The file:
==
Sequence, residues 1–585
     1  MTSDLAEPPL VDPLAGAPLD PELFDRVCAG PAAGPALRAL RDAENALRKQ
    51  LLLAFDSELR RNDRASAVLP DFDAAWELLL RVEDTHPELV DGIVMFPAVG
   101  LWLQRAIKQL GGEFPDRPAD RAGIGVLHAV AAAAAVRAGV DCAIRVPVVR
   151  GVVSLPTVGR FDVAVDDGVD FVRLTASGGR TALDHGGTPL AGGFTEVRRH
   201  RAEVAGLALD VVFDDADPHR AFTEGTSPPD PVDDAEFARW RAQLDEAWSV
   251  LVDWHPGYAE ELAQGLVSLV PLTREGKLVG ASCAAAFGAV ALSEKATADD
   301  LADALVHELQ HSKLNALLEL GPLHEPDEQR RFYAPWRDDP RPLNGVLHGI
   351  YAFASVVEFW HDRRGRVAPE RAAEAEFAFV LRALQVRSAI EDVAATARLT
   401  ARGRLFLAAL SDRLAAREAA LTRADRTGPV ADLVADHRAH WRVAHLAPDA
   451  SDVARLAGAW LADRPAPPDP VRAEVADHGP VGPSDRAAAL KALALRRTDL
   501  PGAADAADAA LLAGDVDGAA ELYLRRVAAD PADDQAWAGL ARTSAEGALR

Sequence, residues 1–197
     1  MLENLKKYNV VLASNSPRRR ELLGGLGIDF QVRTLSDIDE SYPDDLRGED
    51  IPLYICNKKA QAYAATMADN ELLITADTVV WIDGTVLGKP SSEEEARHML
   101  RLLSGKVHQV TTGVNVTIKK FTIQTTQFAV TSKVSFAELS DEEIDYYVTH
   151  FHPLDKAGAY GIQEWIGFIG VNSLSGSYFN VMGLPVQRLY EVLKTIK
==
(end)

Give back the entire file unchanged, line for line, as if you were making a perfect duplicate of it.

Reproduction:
Sequence, residues 1–585
     1  MTSDLAEPPL VDPLAGAPLD PELFDRVCAG PAAGPALRAL RDAENALRKQ
    51  LLLAFDSELR RNDRASAVLP DFDAAWELLL RVEDTHPELV DGIVMFPAVG
   101  LWLQRAIKQL GGEFPDRPAD RAGIGVLHAV AAAAAVRAGV DCAIRVPVVR
   151  GVVSLPTVGR FDVAVDDGVD FVRLTASGGR TALDHGGTPL AGGFTEVRRH
   201  RAEVAGLALD VVFDDADPHR AFTEGTSPPD PVDDAEFARW RAQLDEAWSV
   251  LVDWHPGYAE ELAQGLVSLV PLTREGKLVG ASCAAAFGAV ALSEKATADD
   301  LADALVHELQ HSKLNALLEL GPLHEPDEQR RFYAPWRDDP RPLNGVLHGI
   351  YAFASVVEFW HDRRGRVAPE RAAEAEFAFV LRALQVRSAI EDVAATARLT
   401  ARGRLFLAAL SDRLAAREAA LTRADRTGPV ADLVADHRAH WRVAHLAPDA
   451  SDVARLAGAW LADRPAPPDP VRAEVADHGP VGPSDRAAAL KALALRRTDL
   501  PGAADAADAA LLAGDVDGAA ELYLRRVAAD PADDQAWAGL ARTSAEGALR

Sequence, residues 1–197
     1  MLENLKKYNV VLASNSPRRR ELLGGLGIDF QVRTLSDIDE SYPDDLRGED
    51  IPLYICNKKA QAYAATMADN ELLITADTVV WIDGTVLGKP SSEEEARHML
   101  RLLSGKVHQV TTGVNVTIKK FTIQTTQFAV TSKVSFAELS DEEIDYYVTH
   151  FHPLDKAGAY GIQEWIGFIG VNSLSGSYFN VMGLPVQRLY EVLKTIK